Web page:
Hi all:

This one is stumping me. A client started to get their e-mail flagged as SPAM by some mail hosts, one being a major cable company in the area. Now we have the website/DNS holder, my client and the cable company going back and forth about why it is happening and who is responsible.
We have a 2003 exchange server behind a basic firewall. All incoming mail is filtered through Postini and all outbound goes through Postini. All inbound is fine, some outbound is not. They have had this setup for 2 years without issue, and then it suddenly started happening a couple months ago. The website/DNS folks say we need to program a PTR record in our firewall (huh?) How do you program that, isn't that a DNS thing? Then they were on to SPF records. So I had Postini give me their SPF record info. It was added to DNS but to no avail.
Is the cable company looking at Postini's info or are they looking back to the originating server. Do I need an SPF for our server as well as Postini's?

Does that make sense? We are not on any blacklists that I have tested (mxtoolbox among them) .

Thoughts? Thanks!
Who is Participating?
If you want to create a PTR record, you have to find out who is authoritative for the IP address.  This is usually your ISP.   The PTR record would be the reverse lookup of you IP address--producing, ideally, some form of a response like

Simply having ANY ptr record, not necessarily one that matches your mailhost's name is all that's usually needed.  To find out if your IP adress has a valid ptr, at a cmd prompt, you can use nslookup or any of the many DNS test sites on the web.  Enter your IP, see what comes back.  If no record is returned, you may have trouble delivering to some email domains that check for the presence of the PTR.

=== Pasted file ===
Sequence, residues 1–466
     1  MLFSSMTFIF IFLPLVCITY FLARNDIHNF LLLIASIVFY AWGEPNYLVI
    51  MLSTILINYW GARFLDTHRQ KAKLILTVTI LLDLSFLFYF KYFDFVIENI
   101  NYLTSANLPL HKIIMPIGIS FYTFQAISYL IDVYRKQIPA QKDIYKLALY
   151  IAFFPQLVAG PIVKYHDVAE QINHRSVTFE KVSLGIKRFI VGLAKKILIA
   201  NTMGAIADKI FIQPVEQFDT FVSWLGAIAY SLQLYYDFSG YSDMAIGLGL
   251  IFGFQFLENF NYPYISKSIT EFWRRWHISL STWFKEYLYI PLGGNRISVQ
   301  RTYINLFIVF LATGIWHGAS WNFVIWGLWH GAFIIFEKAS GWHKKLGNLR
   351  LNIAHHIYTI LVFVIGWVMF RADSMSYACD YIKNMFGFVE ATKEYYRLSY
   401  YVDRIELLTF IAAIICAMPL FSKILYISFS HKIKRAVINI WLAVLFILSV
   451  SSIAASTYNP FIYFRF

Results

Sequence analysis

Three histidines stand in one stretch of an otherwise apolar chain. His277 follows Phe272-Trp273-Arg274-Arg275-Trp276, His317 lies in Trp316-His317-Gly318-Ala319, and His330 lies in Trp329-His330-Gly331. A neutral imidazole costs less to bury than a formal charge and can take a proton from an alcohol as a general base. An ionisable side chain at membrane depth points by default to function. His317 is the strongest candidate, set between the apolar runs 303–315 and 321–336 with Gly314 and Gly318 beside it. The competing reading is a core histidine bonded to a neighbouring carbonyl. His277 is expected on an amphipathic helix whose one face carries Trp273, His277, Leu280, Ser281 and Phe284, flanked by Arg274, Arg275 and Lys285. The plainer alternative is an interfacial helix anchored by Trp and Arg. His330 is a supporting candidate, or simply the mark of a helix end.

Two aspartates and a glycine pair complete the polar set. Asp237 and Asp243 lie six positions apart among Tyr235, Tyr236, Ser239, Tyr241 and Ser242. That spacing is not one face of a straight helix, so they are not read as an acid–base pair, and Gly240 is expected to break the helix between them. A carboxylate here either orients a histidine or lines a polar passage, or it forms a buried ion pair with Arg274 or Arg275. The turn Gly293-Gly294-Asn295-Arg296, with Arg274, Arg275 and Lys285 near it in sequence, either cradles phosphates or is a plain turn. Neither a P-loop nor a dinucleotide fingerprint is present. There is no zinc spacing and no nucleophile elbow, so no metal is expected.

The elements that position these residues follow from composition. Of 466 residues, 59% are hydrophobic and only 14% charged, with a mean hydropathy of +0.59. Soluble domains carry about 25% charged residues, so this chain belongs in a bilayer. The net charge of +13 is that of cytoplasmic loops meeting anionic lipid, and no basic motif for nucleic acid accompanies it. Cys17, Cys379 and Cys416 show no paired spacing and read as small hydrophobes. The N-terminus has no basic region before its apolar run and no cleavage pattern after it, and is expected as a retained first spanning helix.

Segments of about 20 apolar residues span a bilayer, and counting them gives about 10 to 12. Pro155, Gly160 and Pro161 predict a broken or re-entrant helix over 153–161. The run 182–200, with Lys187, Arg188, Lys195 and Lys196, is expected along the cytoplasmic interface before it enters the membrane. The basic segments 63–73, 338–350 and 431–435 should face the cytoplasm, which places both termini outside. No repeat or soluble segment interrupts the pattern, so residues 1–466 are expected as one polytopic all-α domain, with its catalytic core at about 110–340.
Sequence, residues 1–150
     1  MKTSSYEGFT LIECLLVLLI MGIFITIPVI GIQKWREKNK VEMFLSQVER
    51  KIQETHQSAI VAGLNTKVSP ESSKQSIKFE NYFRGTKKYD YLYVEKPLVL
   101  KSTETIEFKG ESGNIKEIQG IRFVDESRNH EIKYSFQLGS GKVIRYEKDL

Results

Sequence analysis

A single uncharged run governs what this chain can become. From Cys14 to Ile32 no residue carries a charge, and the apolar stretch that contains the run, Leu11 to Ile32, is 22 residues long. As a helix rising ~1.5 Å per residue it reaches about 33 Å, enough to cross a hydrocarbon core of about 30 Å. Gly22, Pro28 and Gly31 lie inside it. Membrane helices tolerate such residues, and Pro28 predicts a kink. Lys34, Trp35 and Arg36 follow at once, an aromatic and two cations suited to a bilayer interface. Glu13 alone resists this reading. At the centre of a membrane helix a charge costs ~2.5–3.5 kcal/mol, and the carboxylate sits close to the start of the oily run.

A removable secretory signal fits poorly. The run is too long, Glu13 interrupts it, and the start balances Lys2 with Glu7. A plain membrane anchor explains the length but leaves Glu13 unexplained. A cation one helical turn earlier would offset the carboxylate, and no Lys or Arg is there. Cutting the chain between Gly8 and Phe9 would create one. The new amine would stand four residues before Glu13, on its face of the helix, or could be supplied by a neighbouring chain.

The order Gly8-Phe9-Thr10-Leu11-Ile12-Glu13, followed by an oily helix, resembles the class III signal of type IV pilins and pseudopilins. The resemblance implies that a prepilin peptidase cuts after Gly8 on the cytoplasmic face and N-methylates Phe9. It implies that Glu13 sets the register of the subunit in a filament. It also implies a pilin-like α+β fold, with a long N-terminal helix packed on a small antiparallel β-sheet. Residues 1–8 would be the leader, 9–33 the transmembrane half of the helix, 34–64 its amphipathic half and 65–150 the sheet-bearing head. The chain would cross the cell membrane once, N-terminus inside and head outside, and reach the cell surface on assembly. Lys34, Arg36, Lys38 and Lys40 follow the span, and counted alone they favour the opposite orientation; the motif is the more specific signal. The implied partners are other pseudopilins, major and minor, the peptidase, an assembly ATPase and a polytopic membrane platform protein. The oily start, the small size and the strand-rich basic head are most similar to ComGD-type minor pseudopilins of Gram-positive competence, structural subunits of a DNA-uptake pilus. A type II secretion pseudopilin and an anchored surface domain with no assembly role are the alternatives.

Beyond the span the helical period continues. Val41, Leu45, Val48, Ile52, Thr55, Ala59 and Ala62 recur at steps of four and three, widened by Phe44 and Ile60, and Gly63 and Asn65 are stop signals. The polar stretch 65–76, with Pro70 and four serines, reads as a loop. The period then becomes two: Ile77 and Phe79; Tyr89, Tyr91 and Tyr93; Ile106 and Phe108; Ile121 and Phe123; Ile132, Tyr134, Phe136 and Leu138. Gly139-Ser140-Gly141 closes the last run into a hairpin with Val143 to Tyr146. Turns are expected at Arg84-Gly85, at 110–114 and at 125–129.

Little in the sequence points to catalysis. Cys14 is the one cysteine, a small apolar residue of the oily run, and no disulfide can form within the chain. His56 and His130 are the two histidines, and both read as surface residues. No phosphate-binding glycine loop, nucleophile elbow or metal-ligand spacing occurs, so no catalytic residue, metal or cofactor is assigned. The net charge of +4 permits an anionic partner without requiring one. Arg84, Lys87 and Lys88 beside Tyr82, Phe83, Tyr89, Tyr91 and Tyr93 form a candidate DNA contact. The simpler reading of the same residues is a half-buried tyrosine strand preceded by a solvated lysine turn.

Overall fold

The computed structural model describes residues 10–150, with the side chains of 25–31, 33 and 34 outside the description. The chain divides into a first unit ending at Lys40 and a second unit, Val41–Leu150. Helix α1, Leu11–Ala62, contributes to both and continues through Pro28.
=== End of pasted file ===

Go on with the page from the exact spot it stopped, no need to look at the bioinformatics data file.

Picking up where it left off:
As for the SPF record--that's created within the DNS authority for your domain name.  Sometimes, this is your own server within your organization.  If you don't know this one already, then I'd bet your DNS is hosted somewhere else, perhaps at your domain's registrar.  Again, using nslookup or a DNS test web site, you can find the NS (name server) records for your domain name.  Contact whomever maintains/manages those name servers, and have them create your SPF record.  It's a simple text file, but there are a few options to consider.  There are several SPF assistance webs online--they'll even compose your SPF for you online, for free.  Your DNS provider may also help create one for you--chances are they'll know exactly what to do.

You will want to check the popular rbl/SBL (spam blocking lists) that your ip address may have shown up on.  If you find yourself on one, you can email the sbl maintainer and usually have your address removed--providing that you have remedied the source of the spam.

If it's coming from within your organization, you should consider blocking ALL outbound SMTP mail, except for your mail server.  Your mail server can also be configured to use a SMARTHOST to point to Postini--so that all outbound mail is sent through Postini instead of your mail server attempting to connect to each destination domain.

Spam and fighting spam is not a super easy thing to learn overnight.  These concepts should get you going in the right direction, I hope.  Just ask and we can elaborate.
"all outbound goes through Postini.."

So, you shouldn't have to do anything at all, as long as Postini accept mail from your server, talk to them and get them to resolve the issue.

mattk-tcwAuthor Commented:
After weeks over finger pointing between the cable compeny who was blocking up, our Web/DNS provider, my client and me ....... it turns out is was the cable compeny who put a block on our mail because "a few" of their suscribers had marked my client's marketing e-mails as SPAM rather than using the unsubscribe option on the e-mail itself. Of course we find this out after posting my questions here. Thanks for your help!
mattk-tcwAuthor Commented:
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